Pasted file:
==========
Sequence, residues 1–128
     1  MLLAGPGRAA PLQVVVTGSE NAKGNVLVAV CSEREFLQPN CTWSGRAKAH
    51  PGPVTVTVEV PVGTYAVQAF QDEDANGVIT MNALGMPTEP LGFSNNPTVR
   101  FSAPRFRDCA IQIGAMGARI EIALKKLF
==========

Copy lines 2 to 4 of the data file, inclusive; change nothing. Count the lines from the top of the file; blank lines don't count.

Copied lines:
     1  MLLAGPGRAA PLQVVVTGSE NAKGNVLVAV CSEREFLQPN CTWSGRAKAH
    51  PGPVTVTVEV PVGTYAVQAF QDEDANGVIT MNALGMPTEP LGFSNNPTVR
   101  FSAPRFRDCA IQIGAMGARI EIALKKLF